Fans are suckers for character growth and interactions, and Hill is a fan of these people (clearly), so I feel his tense, sometimes stilted character interplay works when the stakes are relatively low. The Jefferson and Tatsu scenes are the same as they’ve always been, but with the danger behind them, they take on a different shade. They also posit the characters towards a way future fans can expect to see covered sooner or later. I’m not sure when we’ll see Jeff or Katana again, but I’m happy to know that they’re fighting together. Same with Sofia, although Hill has said on social media that there are plans to use Shiva down the line. This issue is said to take place before the end of Joker War, explaining Cass and Duke’s return to Gotham. It also explains Cass’ Batgirl costume in that storyline, so Hill sets that up well here. The scene between her and Bruce was another warm and fuzzy moment for someone who enjoys their familial relationship.
All that being said, Hill’s Shiva writing impressed me the most here. I have to imagine with her creator Denny O’Neil’s passing, Hill must’ve gone back and re-read some of the 80s Question series, because there were moments that strongly echoed the Shiva from that run. He’s been rebuilding her as the indomitable force of nature over the course of the title, but with this issue Shiva echoes O’Neil’s 80’s Shiva most plainly, specifically early on in her scene with Duke. Takara must’ve been directed to look at some of the Denys Cowan panels for inspiration because the similarity is too striking without being a swipe. And I applaud the creative team because Shiva will always be a great character the less you define her. Hill proved that she works best as a foil to Batman but not an antagonist. Everyone is wary around her, but they can’t help but listen. It’s a terrific character representation, and I hope this version sticks around for the foreseeable future, especially if she tangles with Cassandra anytime soon.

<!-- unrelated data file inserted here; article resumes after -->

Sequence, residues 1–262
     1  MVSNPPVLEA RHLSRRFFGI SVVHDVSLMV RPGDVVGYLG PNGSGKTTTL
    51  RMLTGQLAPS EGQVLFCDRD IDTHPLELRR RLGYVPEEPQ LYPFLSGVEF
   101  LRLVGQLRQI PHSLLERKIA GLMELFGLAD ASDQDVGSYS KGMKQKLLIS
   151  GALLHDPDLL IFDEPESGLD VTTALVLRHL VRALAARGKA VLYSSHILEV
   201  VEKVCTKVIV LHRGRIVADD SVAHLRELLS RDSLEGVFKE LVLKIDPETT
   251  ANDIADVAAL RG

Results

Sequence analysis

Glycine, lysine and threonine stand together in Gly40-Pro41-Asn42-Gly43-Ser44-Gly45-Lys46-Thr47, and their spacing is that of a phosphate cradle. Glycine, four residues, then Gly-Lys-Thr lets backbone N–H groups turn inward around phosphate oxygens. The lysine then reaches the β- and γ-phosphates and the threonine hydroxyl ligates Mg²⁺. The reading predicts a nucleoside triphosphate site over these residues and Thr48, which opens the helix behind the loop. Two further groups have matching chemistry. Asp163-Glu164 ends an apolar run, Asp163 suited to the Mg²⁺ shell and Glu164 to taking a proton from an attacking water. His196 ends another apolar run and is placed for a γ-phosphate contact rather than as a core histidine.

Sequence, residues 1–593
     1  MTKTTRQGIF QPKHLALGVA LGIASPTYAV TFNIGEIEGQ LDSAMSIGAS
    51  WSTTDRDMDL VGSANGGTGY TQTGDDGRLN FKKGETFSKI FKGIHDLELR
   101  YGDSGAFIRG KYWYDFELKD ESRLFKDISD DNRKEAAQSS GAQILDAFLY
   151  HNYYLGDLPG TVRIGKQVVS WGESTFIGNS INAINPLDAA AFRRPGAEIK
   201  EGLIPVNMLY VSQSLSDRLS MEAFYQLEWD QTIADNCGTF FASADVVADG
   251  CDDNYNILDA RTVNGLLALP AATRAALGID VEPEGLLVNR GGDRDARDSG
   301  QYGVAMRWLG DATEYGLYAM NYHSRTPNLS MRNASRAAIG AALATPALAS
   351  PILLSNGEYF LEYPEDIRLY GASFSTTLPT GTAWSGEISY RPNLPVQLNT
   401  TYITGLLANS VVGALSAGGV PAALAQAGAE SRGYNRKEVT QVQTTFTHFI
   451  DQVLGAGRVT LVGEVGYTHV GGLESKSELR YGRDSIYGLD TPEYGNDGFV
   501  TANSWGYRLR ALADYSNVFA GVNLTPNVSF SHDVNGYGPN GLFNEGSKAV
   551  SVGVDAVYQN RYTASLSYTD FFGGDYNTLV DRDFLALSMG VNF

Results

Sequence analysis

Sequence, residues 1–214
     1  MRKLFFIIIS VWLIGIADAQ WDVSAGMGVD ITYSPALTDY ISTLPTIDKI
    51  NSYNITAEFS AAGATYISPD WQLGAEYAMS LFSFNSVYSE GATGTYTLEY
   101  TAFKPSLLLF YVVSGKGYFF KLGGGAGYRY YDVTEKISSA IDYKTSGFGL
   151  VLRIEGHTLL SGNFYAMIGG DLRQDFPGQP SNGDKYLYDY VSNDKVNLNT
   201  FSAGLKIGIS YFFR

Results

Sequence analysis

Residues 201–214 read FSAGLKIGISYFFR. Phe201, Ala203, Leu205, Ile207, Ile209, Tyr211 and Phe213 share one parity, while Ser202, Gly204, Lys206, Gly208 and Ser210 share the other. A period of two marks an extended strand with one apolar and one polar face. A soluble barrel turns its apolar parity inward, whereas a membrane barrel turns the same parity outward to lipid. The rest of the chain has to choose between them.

But like Shiva throughout the run, I’ve always liked Hill’s Bruce/Batman. He’s always been a sympathetic, sagacious Batman who never acts like a violent bull in a china shop, which has been the popular iteration for too long. Both Hill and Tynion prefer a simpler, less toxic Caped Crusader, and while the title ends on a bittersweet note that feels somewhat obligatory towards the modern era, I liked how Bruce’s relationship with this second Bat-Family was depicted with him being easygoing and trusting, but still believing he knew what was best for the teenagers. That rang true, and Shiva taking Sofia away from him was a good swerve that pushed him.
Final Thoughts: Hill ended this series with possibly the best issue of the run. The title overall could be repetitive and slow going, but his attention to character growth was never underappreciated from me. It was a great series that collected several characters of color together and put them in a spotlight that showed real consideration and care. It was never perfect, but it was always a series that I enjoyed having just as a fact of DC Comics’ history. For that reason, Bryan Edward Hill has a lot to be proud of, even more so with this final story.
Editor’s Note: DC Comics provided TBU with a copy of this comic for review purposes. You can find this comic digitally and help support TBU in the process by purchasing this issue through Comixology.